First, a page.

6. In response to the question posed: It is very interesting to me that a good number of professions offer more money for people who are willing to go work directly with FNMI people or just in the community generally. My roommate who just graduated from the U of A nursing program was offered almost double of her regular nursing wage to take her practice up north. When I really think about it, I understand that the population of people who live up there is no where near ours, so they do need professionals to work with people to give them an education, or health care, that can help make their quality of lives better. But I think that there is a terrible stereotype associated with the students who live in these sorts of areas. I have heard that the behavioral and academic problems are so hard to deal with that they need to compensate professionals appropriately in order to deal with these problems. I think this claim is completely outrageous, and completely wrong. I’ve been around enough classrooms and school to realize that these problems or behaviors are not specific to a certain culture. All kids have the tendency to talk out, misbehave, swear, or even throw a chair across the room if they feel so inclined. These behaviours can be seen across all cultures, not just in FNMI communities.

    For myself, I wouldn’t have a problem teaching at a primarily FNMI school. Same goes for any other school that has a dominant culture other than mine. I think we can all learn a great deal from differences in communities and our eyes can be opened to consider different view points or opinions. However, I do think that FNMI students would benefit from someone teaching them who is more educated around their culture and lifestyle. Everyone learns differently, and learning ability can be greatly influenced by the environment that we grow up in. So I think that someone who shared this environment and understands their culture would be able to teach and help these people to succeed better than I could. Which is why I do think it is a good idea to introduce programs that do help us better understand our FNMI learners. These can give us strategies that can help them succeed and perhaps continue on to help educate other learners in their own community.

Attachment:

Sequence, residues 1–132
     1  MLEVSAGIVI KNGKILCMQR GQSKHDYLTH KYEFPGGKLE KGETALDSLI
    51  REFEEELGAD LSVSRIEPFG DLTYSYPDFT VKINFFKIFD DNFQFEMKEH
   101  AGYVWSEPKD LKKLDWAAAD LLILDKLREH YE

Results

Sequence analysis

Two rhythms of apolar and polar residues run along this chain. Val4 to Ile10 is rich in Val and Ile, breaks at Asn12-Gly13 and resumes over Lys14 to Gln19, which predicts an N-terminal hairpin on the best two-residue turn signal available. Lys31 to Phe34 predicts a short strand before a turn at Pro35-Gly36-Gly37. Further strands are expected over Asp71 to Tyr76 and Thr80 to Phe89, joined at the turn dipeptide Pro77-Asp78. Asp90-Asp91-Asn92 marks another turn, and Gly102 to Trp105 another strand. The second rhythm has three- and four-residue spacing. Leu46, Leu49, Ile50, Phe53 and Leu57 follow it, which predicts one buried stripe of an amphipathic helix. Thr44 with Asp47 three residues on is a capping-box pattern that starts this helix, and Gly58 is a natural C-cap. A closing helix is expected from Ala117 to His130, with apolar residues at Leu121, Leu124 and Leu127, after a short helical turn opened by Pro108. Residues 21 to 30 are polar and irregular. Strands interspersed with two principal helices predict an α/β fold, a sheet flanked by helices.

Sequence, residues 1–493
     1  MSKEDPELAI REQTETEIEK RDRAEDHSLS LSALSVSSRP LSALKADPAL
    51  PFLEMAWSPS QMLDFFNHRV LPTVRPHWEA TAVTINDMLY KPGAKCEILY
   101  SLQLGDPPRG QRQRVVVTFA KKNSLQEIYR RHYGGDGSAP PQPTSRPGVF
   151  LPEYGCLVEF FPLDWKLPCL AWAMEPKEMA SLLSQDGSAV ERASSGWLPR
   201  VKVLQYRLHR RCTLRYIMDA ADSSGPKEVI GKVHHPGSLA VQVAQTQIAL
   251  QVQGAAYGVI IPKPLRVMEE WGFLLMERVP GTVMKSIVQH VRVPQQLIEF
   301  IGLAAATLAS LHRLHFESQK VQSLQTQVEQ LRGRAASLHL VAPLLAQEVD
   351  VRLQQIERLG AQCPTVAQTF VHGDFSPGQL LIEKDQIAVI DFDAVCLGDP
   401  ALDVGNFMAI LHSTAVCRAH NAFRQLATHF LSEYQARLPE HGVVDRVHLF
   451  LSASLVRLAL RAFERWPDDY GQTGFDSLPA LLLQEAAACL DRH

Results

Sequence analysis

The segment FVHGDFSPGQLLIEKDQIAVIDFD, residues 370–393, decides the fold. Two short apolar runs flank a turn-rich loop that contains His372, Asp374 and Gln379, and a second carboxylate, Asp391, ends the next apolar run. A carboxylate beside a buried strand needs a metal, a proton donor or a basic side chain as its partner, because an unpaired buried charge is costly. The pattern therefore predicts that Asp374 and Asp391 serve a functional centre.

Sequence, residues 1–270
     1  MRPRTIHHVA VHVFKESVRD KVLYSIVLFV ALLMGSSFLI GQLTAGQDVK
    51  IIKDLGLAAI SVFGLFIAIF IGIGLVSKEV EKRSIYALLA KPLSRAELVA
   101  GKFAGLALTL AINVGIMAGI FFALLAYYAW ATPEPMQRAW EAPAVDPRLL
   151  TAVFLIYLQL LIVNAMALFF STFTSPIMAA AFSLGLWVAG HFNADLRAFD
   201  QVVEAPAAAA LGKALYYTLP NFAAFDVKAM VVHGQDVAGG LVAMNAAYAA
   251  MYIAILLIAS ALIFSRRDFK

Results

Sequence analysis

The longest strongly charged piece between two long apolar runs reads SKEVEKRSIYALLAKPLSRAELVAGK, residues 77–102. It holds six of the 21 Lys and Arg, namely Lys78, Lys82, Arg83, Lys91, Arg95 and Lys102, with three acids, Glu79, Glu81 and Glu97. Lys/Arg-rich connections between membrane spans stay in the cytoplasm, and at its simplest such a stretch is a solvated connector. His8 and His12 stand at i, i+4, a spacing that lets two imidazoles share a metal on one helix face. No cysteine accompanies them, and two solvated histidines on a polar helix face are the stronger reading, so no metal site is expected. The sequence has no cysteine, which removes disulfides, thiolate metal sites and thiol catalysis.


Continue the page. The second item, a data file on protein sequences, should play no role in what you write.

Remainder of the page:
7. I agree with the comments that before this class specifically and some of my other education classes I had never given much thought to the names of sports teams. To me the Chicago Blackhawks for example was a hockey team and I saw no negative implications of the name. However, now having gained more knowledge of FNMI peoples I can understand how the sports teams names are racial slurs and are not appropriate. Yes, some of these sporting teams have a long legacy however the history of FNMI people in North American expands a much greater time scale. Therefore, I feel the rights and needs of the FNMI peoples should come before the name of a sports team.

    I understand why the government has put an incentive of $8000/year for educations students signing a three-year contract in a northern community. These northern communities are often sparsely populated or have more of a temporary job-oriented community rather then a place of settlement. These features make the Northern communities less desirable for young teachers that are thinking about finding a place to settle into for a couple of years and establish themselves possibly with the goal of raising a family or being near their family. As a result this incentive may attract more of these young teachers to take a position in a northern community. The incentive may also be in place to help with some of the cost of living in a northern community such as commuting. The incentive is a good way to try to attract more young, well-educated, dedicated teachers to the northern communities.

    I honestly would prefer to work in a smaller community then in a large city so if offered a job in a northern community I would really consider it. I would not be looking at the position because of this money however. I will work in a small community and with a largely FNMI classroom population without needing extra incentives. However, I feel I am not qualified to be teaching a largely FNMI student-base. I know little of their lifestyle, culture and beliefs thus I feel there are many others who would be better qualified and do a much better job of educating and motivating these students to change their future.